If you’re a nature lover (or a Finding Nemo fan), this one’s for you. Hatchlings emerged from Dauphin Island’s first green sea turtle nest on August 9, and we talked with Sara Johnson, Director of Share the Beach, an Alabama Coastal Foundation project about how special this event is. Read on for all the details.
The little green sea turtles are happy + healthy
Dauphin Island’s first green sea turtles are thriving. (Alabama Coastal Foundation)
August 9 was a historic day on Dauphin Island, but let’s back up. Before the green sea turtles hatched, they were the first to be nested on Dauphin Island. Over the years, Dauphin Island has seen a couple of green sea turtle crawls, but they’ve never recorded a nest.
According to Johnson, this nest was laid in June 18, and Alabama Coastal Foundation expected to see little green sea turtles in 55-60. However, the turtles hatched just 53 days after being laid.
“We had a lot of babies go to the water. It was a really good emergence.”Sara Johnson, Director, Share the Beach, Alabama Coastal Foundation
The nest had around 139 eggs in total, of which 133 hatchlings made it to the water.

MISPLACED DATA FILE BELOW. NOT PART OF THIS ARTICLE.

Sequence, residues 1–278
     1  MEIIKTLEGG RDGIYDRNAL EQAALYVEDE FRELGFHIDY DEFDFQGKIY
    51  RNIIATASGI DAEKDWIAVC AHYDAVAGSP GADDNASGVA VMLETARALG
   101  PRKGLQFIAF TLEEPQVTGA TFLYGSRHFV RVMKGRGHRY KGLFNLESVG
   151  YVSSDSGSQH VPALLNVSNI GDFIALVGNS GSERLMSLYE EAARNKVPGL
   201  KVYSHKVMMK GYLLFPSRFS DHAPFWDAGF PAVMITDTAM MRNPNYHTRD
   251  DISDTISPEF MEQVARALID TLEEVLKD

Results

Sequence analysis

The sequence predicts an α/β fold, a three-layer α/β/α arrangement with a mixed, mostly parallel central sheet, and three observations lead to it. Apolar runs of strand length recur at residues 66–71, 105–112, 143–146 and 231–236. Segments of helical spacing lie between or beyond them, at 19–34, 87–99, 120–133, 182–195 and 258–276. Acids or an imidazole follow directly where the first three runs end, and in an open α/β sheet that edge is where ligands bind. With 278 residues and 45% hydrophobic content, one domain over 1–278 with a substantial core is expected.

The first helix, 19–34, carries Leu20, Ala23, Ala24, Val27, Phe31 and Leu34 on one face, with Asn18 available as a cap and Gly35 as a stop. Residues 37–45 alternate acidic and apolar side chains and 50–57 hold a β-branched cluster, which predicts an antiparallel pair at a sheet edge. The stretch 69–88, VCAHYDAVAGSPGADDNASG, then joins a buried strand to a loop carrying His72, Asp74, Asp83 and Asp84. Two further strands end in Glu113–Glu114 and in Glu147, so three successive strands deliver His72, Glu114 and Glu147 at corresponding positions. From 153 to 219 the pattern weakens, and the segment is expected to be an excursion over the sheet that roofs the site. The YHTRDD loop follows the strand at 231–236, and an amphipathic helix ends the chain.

“That’s an extremely high survival rate, which is really, really good. We are…thrilled by that.”Sara Johnson, Director, Share the Beach, Alabama Coastal Foundation
If you want to see the hatch, they caught it on video.
More green sear turtles to come on Dauphin Island
With such a variety of sea creatures at Dauphin Island, it may be surprising that there hasn’t ever been a nest of them hatch there. Johnson explained that green sea turtles’ primary diet is seagrass, and Mobile Bay doesn’t have a lot of that. Green sea turtles are much more common in Florida, where you can find lots of seagrass beds.
Their rarity on the Alabama coast makes them all the more beautiful, though. It’s hard to imagine these little guys all grown up, but green sea turtles can be 350-400 pounds. The pattern on their shells, which Johnson describes as a “sunburst pattern,” is magnificent.
“They are absolutely wonderful…They have a very distinctive pattern to their shells.”Sara Johnson, Director, Share the Beach, Alabama Coastal Foundation
Only about 1 in 1,000 sea turtles reach reproductive maturity, but the Alabama Coastal Foundation hopes that one of these 133 hatchlings will survive and, one day, return to Dauphin Island.
Until then, there’s more exciting news. Currently, there two more green sea turtle nests on Dauphin Island that they’re keeping a close eye on.
“It’s been a really, really good year…It’s a record year for a lot of sea turtle nesting.”Sara Johnson, Director, Share the Beach, Alabama Coastal Foundation
If you want to learn more about sea turtles and how you can help, we’ve got you covered.
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